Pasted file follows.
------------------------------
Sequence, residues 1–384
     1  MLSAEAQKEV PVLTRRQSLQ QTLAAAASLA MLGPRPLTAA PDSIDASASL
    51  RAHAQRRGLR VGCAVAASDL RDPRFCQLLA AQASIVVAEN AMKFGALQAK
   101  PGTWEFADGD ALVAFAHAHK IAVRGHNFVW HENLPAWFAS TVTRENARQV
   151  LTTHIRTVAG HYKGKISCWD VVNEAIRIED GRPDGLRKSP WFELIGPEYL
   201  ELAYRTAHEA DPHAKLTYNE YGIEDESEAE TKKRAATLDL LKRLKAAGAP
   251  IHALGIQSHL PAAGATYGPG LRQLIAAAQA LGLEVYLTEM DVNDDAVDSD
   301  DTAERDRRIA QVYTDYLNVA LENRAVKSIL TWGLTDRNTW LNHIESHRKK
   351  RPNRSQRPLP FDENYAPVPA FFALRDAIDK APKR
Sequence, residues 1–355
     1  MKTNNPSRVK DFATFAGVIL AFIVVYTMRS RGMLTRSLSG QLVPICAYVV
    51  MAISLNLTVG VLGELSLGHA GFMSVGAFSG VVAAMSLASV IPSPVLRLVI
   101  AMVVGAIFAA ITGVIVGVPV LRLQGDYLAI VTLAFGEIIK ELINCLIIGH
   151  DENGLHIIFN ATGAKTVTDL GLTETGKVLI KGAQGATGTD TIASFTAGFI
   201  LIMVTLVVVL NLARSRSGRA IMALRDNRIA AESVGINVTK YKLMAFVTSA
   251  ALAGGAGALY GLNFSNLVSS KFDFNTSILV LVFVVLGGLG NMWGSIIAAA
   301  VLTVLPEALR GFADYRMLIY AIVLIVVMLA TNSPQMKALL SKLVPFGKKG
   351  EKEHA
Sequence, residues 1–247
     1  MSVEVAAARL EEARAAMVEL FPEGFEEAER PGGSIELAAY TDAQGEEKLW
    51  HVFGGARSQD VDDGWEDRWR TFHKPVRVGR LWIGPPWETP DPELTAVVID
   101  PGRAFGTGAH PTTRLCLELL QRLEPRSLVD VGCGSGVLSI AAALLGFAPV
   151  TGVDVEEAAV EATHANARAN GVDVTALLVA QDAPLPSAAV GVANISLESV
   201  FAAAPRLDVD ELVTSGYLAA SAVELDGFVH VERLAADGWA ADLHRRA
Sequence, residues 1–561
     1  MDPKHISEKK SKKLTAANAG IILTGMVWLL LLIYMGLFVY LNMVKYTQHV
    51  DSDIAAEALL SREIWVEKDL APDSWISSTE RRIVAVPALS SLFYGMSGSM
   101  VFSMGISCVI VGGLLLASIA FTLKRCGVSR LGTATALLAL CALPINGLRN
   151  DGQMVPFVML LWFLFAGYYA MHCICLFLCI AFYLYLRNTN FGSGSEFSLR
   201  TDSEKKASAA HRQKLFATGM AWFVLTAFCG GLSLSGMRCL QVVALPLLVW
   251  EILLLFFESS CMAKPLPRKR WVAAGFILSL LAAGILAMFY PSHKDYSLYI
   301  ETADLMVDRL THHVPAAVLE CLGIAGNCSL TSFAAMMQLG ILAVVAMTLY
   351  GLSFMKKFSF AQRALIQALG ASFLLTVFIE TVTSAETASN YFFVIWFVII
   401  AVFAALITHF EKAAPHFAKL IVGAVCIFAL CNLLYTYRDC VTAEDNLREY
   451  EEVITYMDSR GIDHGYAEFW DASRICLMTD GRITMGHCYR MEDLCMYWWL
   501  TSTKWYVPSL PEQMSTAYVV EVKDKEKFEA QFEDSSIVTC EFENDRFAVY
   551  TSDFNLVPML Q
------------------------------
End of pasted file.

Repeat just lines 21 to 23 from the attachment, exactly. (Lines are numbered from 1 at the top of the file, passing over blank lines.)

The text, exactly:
    51  HVFGGARSQD VDDGWEDRWR TFHKPVRVGR LWIGPPWETP DPELTAVVID
   101  PGRAFGTGAH PTTRLCLELL QRLEPRSLVD VGCGSGVLSI AAALLGFAPV
   151  TGVDVEEAAV EATHANARAN GVDVTALLVA QDAPLPSAAV GVANISLESV